2          =          One incident of non compliance
3          =          Compliant

If the contract has, say, 10 KPIs in total, then the maximum score achievable by the contractor would be:-

3 (compliant) x 10 (KPIs) = 30 (or 100%)

The actual score is calculated as:

(sum of individual scores / maximum possible score)*100.

The results would then be classified as:

Greater than 90% - Excellent
Greater than 85% - Good
Greater than  80% - Satisfactory
Less than 80% - Unsatisfactory

On appointment of the contractor, those involved in managing the contract will be guided on the use of KPIs, if applicable, by the Purchasing representative.

5.      Management Information

Management information (MI) provided by any contractor is fundamental to understanding whether the contract is being undertaken in line with the specification and whether the contractor is meeting his/her contractual objectives.  It also provides key information for discussion at contract review meetings.

It is therefore vital that the content and format of the MI is established and agreed with the contractor at the outset.

6.      Contract Review Meetings

The review meeting will be the forum at which the contractor’s performance will be discussed. 

As a general rule, the following should be discussed at each contract review meeting:

Heading

Issue

Service Delivery

 

 

Has the service been delivered to the level specified?
Has the contractor’s performance been in line with expectations and targets?

Service Quality

 

 

Has the quality of service been to the level specified?
Have any complaints been received about the contractor’s service?
Have any issues arisen in relation to compliance with legislation, eg, health and safety, equal opportunities, data protection.

Benefits

 

 

Are there clear examples of benefits and positive outcomes for users of the contract?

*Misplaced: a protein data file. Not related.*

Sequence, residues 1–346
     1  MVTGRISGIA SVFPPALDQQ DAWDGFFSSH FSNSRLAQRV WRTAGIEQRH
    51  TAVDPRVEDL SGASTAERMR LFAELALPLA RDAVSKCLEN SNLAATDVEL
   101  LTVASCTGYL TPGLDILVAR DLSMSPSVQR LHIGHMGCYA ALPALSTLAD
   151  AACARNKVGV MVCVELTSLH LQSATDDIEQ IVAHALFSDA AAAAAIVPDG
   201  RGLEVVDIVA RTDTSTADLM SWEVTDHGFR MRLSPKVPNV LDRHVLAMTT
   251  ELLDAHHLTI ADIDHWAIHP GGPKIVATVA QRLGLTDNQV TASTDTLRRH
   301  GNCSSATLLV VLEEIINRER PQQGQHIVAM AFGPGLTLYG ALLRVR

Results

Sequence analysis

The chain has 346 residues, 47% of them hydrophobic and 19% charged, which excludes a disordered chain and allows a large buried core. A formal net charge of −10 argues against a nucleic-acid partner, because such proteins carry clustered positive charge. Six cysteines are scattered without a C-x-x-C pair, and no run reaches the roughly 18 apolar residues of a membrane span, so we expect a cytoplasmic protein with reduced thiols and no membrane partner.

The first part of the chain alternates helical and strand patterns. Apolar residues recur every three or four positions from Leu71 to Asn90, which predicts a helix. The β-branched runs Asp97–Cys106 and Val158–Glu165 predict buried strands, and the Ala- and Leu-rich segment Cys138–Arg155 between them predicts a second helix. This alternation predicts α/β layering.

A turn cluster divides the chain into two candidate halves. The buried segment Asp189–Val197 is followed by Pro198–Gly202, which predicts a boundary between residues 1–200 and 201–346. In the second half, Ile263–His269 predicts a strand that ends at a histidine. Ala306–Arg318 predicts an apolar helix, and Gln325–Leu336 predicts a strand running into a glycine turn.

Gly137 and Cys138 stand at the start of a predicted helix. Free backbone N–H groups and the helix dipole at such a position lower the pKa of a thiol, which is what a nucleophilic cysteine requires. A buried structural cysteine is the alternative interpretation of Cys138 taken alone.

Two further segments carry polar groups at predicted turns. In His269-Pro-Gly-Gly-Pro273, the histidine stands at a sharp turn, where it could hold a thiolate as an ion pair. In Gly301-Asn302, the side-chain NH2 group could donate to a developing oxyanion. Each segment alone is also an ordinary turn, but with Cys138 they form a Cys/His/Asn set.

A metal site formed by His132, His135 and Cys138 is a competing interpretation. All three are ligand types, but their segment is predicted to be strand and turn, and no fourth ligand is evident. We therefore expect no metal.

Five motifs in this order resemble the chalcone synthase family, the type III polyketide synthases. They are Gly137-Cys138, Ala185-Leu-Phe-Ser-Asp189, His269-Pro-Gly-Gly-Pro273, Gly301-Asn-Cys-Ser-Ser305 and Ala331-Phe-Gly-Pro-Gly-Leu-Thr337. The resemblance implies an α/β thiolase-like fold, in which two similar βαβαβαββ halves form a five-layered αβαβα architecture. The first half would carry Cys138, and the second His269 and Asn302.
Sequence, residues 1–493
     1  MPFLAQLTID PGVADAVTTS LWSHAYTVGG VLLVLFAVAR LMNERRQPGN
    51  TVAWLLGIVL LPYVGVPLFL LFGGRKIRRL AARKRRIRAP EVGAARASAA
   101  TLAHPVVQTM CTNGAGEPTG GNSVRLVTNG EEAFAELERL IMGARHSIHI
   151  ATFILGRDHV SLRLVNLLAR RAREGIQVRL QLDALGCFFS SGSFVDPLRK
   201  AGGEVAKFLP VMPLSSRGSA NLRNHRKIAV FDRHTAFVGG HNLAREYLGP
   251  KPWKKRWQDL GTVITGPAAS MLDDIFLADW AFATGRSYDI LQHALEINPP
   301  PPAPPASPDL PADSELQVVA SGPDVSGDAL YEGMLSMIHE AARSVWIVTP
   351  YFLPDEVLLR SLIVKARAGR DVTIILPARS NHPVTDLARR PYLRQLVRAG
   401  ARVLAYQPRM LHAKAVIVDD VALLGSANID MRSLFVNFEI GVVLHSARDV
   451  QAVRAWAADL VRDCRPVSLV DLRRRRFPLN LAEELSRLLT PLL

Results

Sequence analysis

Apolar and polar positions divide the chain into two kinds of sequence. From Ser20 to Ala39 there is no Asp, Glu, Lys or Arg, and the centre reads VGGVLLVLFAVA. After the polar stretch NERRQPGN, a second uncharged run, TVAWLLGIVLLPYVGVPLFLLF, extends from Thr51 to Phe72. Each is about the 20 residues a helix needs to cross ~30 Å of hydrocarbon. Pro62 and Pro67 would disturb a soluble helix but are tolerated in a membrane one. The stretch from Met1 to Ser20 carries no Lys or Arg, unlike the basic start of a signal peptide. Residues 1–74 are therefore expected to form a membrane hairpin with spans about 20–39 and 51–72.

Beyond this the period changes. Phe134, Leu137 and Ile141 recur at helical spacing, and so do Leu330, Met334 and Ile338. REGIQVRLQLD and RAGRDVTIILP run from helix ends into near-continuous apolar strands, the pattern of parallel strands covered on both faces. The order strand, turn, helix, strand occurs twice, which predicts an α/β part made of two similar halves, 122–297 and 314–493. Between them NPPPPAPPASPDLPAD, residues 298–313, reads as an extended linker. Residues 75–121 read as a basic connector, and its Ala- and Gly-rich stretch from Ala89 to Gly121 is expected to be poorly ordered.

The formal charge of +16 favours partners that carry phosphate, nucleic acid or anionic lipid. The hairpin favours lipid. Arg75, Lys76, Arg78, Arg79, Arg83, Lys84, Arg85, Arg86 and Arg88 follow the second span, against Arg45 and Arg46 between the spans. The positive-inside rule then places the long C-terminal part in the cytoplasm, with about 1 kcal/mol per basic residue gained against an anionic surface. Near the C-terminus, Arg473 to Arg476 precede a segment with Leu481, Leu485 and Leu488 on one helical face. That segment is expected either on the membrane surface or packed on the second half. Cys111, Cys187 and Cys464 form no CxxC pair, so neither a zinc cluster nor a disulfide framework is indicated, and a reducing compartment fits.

Contract Compliance

 

 

Have there been any issues of non-compliance with the specification or conditions of the contract?
Have there been any significant changes in the University which may impact on this contract?
Is insurance up to date and in line with the requirements of the contract?

Organisational Stability

 

 

Have there been any significant changes to the organisation, service management structure or contractor’s financial situation?

Future Development

 

 

Are there opportunities for developments, improvements or cost reductions?
Are there any perceived threats to the continuity of the service provision?

Close

Any other business and date of next meeting.

Where a Service Level Agreement or Key Performance Indicators are being used with the contract, then the contractor’s performance for the previous x months, using these forms of measurement, should be discussed. 

7.     Summary

The Procurement Office would emphasise the need to apply and maintain adequate and robust controls, in respect of contract management – not least to ensure that the University achieves value for money in all its supply arrangements.  It is therefore the duty of the contract manager to be aware of, and discharge his/her responsibilities, in line with this guidance.